If you’re a new site, you might see a little improvement in your rankings at best. However, websites that have lots of links from low-quality sites and directories may get penalties.

And here’s the kicker:

It’s incredibly difficult to recover from penalties (and bans, in extreme cases). You’ll have a much easier time if you slowly work on improving your search engine rankings the right way.

Don’t put yourself in a position where you have to recover from risky SEO practices. It’s just not worth it.

Do This Instead

write content instead

So what’s a good alternative to getting lots of blog directory listings?

Even if getting some links from directories helps your SEO a little, there are things that you can do that have a much bigger impact on your SEO.

Spend your time consistently creating epic content that readers will love. You’ll find that, even without fully intentional SEO, you’ll rank for certain keywords just by having good content.

Obviously, it’s better to have both good content and SEO!

So How Do You Get Links?

It might sound a little counter-intuitive, but it has nothing to do with trying to get links to your site.

Google eventually gets an idea of which sites are violating their guidelines. So rather than risking your rank and reputation…

Just focus on creating content so amazing and valuable that people can’t help but link to it!

Click here for some great resources on the skills you need to develop this kind of content.

The Best Way to Connect with Other Bloggers in Your Niche

Connecting with other bloggers in your niche is another great way to get backlinks, but how exactly do you go about doing that?

Here are some ideas:

Follow and engage with them on their website and social media. You wouldn’t walk up to a complete stranger and ask them to share something with their friends—it’s important to build a relationship first and introduce yourself.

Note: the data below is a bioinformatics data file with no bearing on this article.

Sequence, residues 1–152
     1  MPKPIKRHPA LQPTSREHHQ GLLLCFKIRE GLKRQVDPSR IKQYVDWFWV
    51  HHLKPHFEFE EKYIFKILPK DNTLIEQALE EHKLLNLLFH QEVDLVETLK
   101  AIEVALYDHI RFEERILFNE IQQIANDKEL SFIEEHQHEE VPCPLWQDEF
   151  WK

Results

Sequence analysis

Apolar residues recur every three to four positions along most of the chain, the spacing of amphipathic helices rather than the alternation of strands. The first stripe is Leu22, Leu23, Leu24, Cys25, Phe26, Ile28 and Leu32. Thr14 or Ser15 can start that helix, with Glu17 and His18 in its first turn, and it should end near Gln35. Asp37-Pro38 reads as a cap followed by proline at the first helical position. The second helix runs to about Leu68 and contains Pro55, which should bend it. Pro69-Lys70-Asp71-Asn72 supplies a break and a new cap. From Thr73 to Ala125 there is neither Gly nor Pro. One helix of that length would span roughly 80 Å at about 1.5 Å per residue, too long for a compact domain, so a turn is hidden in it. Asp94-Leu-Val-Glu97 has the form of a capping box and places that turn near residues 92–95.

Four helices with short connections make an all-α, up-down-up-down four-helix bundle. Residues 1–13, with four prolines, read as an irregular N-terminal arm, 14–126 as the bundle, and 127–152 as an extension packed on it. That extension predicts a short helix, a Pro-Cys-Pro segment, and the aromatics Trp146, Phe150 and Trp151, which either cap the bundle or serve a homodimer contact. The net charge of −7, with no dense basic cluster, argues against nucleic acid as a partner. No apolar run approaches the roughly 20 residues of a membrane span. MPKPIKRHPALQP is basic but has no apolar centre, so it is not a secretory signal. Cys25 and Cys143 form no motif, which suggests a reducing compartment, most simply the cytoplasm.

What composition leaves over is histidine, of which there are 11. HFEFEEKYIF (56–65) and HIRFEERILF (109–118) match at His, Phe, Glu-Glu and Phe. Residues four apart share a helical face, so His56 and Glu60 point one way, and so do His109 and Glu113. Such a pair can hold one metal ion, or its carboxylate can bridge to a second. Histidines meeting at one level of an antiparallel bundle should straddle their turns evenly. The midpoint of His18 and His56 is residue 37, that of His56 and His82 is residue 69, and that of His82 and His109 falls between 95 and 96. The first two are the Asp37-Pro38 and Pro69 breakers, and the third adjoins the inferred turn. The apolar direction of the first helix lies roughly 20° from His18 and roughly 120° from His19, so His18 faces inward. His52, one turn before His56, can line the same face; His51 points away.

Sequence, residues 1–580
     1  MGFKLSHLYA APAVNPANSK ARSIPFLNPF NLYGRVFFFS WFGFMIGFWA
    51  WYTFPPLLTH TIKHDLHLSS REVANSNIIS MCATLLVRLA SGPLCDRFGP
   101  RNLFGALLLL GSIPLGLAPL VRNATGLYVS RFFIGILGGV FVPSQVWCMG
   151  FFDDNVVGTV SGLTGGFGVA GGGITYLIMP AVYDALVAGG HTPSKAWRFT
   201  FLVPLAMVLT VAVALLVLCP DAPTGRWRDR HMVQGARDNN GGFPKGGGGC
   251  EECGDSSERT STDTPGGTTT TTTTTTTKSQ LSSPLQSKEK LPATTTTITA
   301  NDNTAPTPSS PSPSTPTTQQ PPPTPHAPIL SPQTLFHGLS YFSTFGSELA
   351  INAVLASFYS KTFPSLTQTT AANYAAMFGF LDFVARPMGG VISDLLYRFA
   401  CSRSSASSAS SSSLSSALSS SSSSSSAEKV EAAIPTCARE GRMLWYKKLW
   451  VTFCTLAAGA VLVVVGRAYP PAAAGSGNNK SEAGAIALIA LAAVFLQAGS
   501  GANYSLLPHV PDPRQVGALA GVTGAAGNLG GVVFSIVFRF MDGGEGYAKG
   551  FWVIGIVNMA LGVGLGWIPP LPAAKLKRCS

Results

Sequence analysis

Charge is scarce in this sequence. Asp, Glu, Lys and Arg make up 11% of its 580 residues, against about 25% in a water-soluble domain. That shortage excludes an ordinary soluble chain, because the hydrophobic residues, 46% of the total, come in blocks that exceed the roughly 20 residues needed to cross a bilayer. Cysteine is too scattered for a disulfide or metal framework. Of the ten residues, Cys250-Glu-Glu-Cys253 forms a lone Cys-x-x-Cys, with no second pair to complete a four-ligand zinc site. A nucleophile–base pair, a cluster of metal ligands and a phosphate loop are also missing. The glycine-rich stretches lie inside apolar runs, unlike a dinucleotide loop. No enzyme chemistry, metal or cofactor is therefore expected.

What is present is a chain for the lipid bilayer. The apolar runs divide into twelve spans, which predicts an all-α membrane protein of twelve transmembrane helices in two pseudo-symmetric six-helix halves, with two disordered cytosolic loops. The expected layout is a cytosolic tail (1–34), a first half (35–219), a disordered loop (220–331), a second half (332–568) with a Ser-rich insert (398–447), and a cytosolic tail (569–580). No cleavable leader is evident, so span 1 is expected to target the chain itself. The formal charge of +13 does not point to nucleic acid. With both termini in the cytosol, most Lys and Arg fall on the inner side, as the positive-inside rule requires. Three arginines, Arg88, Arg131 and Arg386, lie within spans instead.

Ask for an introduction. If anyone you know has a connection with other bloggers in your niche, ask them to introduce you! This often goes a lot faster than trying to engage without any referral (but you still need to build things up a bit!).

Link to them, then email them or mention them on social media. If you link to anyone in your blog posts, send them an email letting them know you really enjoyed their content. Include a link to where you mentioned them.

You can also tag them on social media when you share your post—they’ll likely reshare, getting you more exposure.

Try to get links from link roundups. People are always searching for things like knitting blogs, music blogs, design blogs, and other specific niches, which is part of the reason roundups are so popular.

Just do a quick search for your niche and you’ll likely see something like “Top 20 Best X Blogs in X Year” at the top of the search results. Connect with bloggers who have posts like these and work your way up to valuable backlinks!

Now that you’ve been sufficiently turned off of blogging directories, here’s something:

Not all blog directories are bad!

While most directories don’t serve much of a purpose anymore, there are some good ones still out there. Here’s a list of the best blog directories to check out.

Top 10 Blog Directories to List Your Blog

good blog directories